Connected and automated vehicles (or CAVs, for short) are designed to help drivers by automatically performing some driving duties – for example, keeping inside lanes, adjusting speed and distance to the vehicle in front and observing speed limits – automatically.
In the future, CAVs may also be able to talk to each other and receive messages from roadside infrastructure.
Human error is reported to contribute to over 90 per cent of crashes on our roads today. CAVs could, in the future, help improve road safety and ease traffic congestion.
Different CAVs have different levels of automation. A partially automated vehicle can control both speed and steering. A fully automated CAV will be able to drive itself without the involvement of a driver. The diagram explains the evolution of CAVs. Currently some new vehicles on the market are considered to be partially automated or level two.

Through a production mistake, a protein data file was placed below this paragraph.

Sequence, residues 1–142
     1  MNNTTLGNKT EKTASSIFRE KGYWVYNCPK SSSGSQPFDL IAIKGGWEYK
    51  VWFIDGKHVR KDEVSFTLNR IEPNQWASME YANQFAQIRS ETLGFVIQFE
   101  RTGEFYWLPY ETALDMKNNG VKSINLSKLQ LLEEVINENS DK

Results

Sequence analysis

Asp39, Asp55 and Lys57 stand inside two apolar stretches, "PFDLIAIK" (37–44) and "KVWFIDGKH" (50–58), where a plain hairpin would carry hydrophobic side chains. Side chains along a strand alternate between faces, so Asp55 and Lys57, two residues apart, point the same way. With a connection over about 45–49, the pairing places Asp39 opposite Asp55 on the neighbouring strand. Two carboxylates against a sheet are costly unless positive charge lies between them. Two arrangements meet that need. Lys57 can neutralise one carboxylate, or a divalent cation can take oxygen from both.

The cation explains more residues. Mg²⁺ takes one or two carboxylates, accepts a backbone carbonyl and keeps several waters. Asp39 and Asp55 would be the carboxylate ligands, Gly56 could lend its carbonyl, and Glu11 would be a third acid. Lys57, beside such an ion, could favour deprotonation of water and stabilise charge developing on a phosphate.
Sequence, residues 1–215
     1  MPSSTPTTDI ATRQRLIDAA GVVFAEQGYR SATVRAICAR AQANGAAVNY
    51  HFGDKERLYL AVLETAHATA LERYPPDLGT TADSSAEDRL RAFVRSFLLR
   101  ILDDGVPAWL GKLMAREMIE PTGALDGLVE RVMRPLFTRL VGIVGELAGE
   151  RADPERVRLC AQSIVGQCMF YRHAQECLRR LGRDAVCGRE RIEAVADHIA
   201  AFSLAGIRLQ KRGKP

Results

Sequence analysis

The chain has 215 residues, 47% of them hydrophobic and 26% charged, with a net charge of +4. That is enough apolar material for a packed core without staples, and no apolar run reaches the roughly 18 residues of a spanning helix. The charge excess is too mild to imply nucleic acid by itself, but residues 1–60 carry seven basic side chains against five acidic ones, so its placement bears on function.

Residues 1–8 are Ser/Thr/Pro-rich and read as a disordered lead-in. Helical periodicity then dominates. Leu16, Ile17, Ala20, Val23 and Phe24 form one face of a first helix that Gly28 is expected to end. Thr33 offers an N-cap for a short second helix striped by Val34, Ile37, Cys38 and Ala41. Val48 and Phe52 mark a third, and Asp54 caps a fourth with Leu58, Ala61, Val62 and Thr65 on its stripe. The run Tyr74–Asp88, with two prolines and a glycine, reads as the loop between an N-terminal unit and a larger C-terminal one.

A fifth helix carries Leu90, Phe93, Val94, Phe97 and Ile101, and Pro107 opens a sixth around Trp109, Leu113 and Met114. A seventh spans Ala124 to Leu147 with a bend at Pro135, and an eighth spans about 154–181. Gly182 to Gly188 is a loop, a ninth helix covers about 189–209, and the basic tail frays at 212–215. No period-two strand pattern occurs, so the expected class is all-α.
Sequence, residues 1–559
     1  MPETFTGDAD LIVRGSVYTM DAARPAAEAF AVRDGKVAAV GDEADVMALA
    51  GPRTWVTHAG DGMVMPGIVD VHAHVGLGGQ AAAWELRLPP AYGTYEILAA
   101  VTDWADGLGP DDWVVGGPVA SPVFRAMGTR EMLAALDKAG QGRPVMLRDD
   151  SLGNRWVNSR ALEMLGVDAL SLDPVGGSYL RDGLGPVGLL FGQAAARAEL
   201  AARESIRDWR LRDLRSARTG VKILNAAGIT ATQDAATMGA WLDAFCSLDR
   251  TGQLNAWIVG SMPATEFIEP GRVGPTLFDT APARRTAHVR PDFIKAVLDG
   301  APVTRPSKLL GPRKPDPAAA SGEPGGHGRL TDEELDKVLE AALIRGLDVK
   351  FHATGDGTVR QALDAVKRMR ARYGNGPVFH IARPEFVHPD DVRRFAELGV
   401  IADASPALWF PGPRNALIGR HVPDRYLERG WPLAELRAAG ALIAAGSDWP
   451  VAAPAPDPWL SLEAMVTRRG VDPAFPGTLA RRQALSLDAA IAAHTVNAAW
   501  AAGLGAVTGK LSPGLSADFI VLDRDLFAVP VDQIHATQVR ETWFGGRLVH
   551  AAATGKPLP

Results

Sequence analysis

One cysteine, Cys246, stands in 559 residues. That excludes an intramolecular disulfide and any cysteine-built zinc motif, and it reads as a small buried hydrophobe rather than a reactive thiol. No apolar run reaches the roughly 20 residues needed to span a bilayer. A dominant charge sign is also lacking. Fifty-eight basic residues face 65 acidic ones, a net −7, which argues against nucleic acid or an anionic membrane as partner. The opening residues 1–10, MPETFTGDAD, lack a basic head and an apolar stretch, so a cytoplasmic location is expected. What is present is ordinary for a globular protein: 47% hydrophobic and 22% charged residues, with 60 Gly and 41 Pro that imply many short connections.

Partially automated vehicles are already in Australia. However, it could be another 20 years before fully automated cars form the majority of the fleet on our roads. In a recent assessment of 20 countries’ preparedness for automated vehicles, Australia ranked fourteenth.
Preparing for a future where cars are in charge of the road means thinking about roads, road rules and the wider transport network in new and complex ways.
For example, today we have hundreds of laws, rules and regulations guiding vehicle manufacturers, insurance providers, road operators, motorists and other road users. As automated vehicles become more prevalent on our roads, the rules we travel by, the laws we obey and the regulations we rely on to keep us safe may need altering.
The roads we drive on will not be immune to the arrival of CAVs. CAVs respond to signals on and around roads – but today’s roads are designed to communicate with people, not cars. Modifying and upgrading roads to meet CAV requirements will require a co-ordinated approach.